Stemple noted that some companies can transition from an S corporation into a C corporation to defer the capital gains tax, and then change back to an S corporation at a later date to avoid a tax liability.
While the transition to an ESOP can be complex, Stemple suggests that owners put together an advisory team experienced in these transactions.
“You need a qualified team of advisers that understand ESOPs so that they can work through each of these issues,” he said.
Most advisers and business owners who have transitioned their companies through an ESOP point to employee education as a key step in completing a successful transition.
For his part, Lindquist hosted numerous updates and classes over the course of the ESOP transition, mostly focused on giving employees a better indication of the membership benefits they gained in the ESOP.
“It’s continuous education (for employees) on your stock, the value of your stock, when you can get your stock,” Lindquist said. “Initial new employees go, ‘Well, I have stock, can I trade it in for a 12-pack?’ And you go, ‘No, not right now. You have to hold it until your retirement.’”
It’s also important to teach employees what being part of an ESOP does not mean. For example, employees do not have voting rights on key company issues, nor can they make hiring or firing decisions.
Brent Brinks, vice president of Byron Center-based Buist Electric Inc., also advises employers to educate their employees during a transition to an ESOP. The company completed its ESOP in 2015 after its previous owner chose the strategy as a way to reward his employees over the years.
Brinks also believes companies should be transparent with members of the management team, in case they believe they should have an opportunity to purchase the business.
“You may have leadership in place that feels they’re owed an opportunity to purchase the company,” Brinks said. “If you have that, you’re going to have a little more of a problem than we had, where we did not have leadership at the time that felt like they were owed an opportunity to purchase the company.”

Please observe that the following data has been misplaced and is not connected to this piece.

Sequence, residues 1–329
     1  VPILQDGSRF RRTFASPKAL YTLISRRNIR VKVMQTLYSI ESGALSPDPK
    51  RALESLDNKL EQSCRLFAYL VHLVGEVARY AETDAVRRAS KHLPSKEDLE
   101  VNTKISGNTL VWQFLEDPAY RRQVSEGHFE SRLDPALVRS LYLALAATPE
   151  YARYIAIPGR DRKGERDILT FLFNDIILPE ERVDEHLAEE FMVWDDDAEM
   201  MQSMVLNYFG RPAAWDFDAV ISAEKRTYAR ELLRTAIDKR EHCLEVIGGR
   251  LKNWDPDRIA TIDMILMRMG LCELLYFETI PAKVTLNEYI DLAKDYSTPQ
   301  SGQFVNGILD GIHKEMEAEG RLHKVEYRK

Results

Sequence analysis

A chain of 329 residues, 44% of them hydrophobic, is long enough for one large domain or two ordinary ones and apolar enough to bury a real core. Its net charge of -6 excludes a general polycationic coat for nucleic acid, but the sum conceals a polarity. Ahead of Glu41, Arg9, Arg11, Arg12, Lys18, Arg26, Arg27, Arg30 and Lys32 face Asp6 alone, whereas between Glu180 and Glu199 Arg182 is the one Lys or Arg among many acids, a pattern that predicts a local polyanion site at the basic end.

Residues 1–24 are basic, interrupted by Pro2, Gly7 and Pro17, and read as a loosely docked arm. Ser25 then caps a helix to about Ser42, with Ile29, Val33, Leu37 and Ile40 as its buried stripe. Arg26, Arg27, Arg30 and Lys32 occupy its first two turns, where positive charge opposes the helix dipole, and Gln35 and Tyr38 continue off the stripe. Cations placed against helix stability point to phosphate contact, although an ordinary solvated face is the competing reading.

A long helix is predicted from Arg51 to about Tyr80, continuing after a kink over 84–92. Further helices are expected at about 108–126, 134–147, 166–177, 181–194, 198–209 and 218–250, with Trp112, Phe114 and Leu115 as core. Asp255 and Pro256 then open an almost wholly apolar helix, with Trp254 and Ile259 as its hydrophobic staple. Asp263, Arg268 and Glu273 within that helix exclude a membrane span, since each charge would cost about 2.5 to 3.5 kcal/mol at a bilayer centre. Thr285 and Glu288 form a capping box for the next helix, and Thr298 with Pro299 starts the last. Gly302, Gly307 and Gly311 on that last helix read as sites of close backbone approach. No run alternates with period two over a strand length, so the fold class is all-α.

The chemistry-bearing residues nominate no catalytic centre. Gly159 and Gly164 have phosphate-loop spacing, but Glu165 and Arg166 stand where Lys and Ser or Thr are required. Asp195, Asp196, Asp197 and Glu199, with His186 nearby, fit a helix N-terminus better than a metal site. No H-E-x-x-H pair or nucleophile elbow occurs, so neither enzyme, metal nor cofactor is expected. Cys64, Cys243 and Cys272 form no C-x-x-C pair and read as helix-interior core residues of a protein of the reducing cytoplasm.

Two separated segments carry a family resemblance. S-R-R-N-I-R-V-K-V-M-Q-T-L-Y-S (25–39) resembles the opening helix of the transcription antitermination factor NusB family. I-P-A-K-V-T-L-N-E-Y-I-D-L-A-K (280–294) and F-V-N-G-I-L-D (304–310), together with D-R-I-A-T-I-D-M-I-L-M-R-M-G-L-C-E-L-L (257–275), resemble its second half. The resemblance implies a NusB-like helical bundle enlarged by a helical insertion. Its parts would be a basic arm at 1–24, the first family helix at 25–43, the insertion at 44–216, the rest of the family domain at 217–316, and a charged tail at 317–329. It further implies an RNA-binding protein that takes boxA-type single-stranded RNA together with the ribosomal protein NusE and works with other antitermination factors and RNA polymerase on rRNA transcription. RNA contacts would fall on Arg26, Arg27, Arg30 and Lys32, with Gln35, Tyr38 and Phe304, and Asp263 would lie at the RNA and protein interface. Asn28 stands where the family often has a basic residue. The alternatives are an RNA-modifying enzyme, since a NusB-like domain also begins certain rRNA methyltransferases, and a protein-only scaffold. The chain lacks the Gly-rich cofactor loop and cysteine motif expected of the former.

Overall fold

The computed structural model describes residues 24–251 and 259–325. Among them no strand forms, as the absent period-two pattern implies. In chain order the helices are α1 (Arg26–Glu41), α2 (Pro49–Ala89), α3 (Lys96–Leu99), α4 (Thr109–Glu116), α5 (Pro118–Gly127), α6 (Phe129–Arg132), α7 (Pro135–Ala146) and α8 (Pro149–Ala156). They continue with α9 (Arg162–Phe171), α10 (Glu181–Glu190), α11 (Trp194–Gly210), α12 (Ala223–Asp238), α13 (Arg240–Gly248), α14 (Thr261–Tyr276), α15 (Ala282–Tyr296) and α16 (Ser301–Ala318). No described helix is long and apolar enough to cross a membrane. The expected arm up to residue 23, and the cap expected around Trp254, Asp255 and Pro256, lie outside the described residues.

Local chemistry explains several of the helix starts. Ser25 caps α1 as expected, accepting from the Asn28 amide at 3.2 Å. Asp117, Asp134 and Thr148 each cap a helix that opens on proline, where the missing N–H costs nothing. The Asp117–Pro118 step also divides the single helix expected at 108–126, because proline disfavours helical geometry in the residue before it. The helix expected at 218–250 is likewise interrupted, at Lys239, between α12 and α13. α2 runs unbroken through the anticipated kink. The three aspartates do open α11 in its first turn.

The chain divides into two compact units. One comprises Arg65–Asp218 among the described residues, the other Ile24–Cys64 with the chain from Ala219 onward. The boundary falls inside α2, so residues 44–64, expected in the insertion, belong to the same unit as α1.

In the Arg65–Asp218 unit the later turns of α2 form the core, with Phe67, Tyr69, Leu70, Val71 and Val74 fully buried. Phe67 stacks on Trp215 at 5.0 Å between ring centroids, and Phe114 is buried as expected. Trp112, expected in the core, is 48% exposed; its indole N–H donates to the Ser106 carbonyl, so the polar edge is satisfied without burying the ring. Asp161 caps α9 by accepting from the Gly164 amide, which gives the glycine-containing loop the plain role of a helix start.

Despite what many see as the numerous benefits of ESOPs, the transactions haven’t gained widespread acceptance nationwide.
Dave Drews, a consultant who runs Orchard Lake-based Justus Equity and specializes in ESOPs, believes many business owners have avoided ESOPs simply because of a lack of education. While the transaction strategy has been around for several decades, the actual process can be quite complex.
“There’s a real lack of education on ESOPs, a real lack of understanding,’ Drews said. “There’s a niche of experts, but they’re growing. The language is hard to follow because it’s based on tax code, rather than making it understandable for people.”
Drews also serves as an executive in residence for the Center for Positive Organizations at the University of Michigan.
Total ESOP transactions have hovered between 80 and 150 conversions per year from 2002 to 2015, according to a report by Matrix Global Advisors authored by Brill. The number of ESOPs per year is roughly equal to the number of new initial public offerings (IPOs), according to the report.
The report notes that ESOPs could gain steam in the coming years as waves of baby boomers transition out of their businesses.
While ESOPs may not be popular nationwide, the companies deploying the strategy tend to cluster together. Of the 68 Michigan-based ESOPs registered with The ESOP Association, a national association based in Washington, D.C., roughly half are based in West Michigan.
For industry advisers, the strong cadre of successful ESOPs in West Michigan can help communicate the process to other businesses contemplating such a transition.
“What I appreciate about West Michigan is that we have a lot of ESOP-owned companies,” Stemple said. “There’s a good culture for sharing wealth with employees who helped build the company. In many cases, I like to connect a potential ESOP company with another ESOP company … to hear firsthand about how it worked.”